« PreviousContinue »
T R A V E L S.
P AH T II.
A Voyage to B R O 6 D I » g N A G.
'A great Storm described, the. Long- Beat sent tt fetch Water, the Author goes with it to disco
ver the Country. He is left en Shore, is seized by one of the Natives, and carried to a
Farmer's House. His Reception there, with several Accidents that happened there, A Description of the Inhabitants.
HAVING been condemned by Nature and Fortune to an active and restless Lise, in two Months aster my Return, I again left my native Country, and took Shipping in the Doraw on the 20th Day of June i702, in the Adventure, Capt. John Nicholas, a Corni/h Man, Commander, bound for Surat. We had a very prosperous Gale till we arrived at the Cape of Good Hope, where we landed for fresh Water, but, discovering a Leak, we unshipped our Goods, and wintered there'; for, the Captain falling sick of an Ague, we could not leave the Cape till the End of March. We then set Sail, and had a good Voyage till we passed the 5'freights of Madagascar; but G having %^ A V o T A g £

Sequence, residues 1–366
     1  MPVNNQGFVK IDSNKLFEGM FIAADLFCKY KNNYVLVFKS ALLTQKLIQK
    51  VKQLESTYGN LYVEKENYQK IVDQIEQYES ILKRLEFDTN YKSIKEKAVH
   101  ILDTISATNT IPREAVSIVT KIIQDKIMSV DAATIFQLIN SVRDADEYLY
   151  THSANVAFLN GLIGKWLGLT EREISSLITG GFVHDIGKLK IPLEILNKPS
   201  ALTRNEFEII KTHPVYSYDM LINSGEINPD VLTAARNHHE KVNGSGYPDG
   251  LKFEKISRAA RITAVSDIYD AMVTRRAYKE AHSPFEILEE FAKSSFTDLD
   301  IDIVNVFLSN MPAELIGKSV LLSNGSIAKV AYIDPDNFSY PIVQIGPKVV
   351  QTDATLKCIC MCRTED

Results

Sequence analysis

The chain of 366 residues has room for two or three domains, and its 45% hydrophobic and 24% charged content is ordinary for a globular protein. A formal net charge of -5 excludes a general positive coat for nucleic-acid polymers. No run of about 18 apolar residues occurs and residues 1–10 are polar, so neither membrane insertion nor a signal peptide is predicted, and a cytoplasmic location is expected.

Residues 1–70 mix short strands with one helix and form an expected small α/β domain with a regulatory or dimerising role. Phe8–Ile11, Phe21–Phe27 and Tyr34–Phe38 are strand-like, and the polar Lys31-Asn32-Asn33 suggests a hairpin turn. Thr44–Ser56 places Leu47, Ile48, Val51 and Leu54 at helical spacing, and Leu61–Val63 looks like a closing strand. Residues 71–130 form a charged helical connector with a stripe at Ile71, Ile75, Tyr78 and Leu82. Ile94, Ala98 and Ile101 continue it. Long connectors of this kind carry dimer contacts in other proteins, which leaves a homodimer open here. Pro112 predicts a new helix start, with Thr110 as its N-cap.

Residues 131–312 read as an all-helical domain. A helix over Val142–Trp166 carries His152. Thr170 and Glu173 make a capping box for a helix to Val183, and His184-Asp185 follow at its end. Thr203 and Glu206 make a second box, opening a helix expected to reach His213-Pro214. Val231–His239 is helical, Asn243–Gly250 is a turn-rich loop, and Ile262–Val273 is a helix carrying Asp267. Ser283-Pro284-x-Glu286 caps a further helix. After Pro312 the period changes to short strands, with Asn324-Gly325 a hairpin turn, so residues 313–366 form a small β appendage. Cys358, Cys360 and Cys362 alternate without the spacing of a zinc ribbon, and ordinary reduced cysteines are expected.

having got Northward of that Island, and to about five Degrees Sooth Latitude, the Winds, which in those Seas are observed to blow a constant equal Gale between the North and West, from the Beginning ofDe.-eir.iir, to the Beginning of May, on the Qth of April began to blow with m uch greater Violence, and more Westerly than usual, continuing so for twenty Days together, during which Time, we were driven a little to the East of the Molucca Islands, and about three Degrees Northward of the Line, as our Captain found by an Observation he took the zd of May, at which Time the Wind ceased, and it was a persect Calm, whereat I was not a little rejoiced. But he, being a Man experienced in the Navigation of those Seas, bid us all prepare against a Storm, which accordingly happened the Day following r For a Southern Wind, called the Southern Monsoon, began to set in.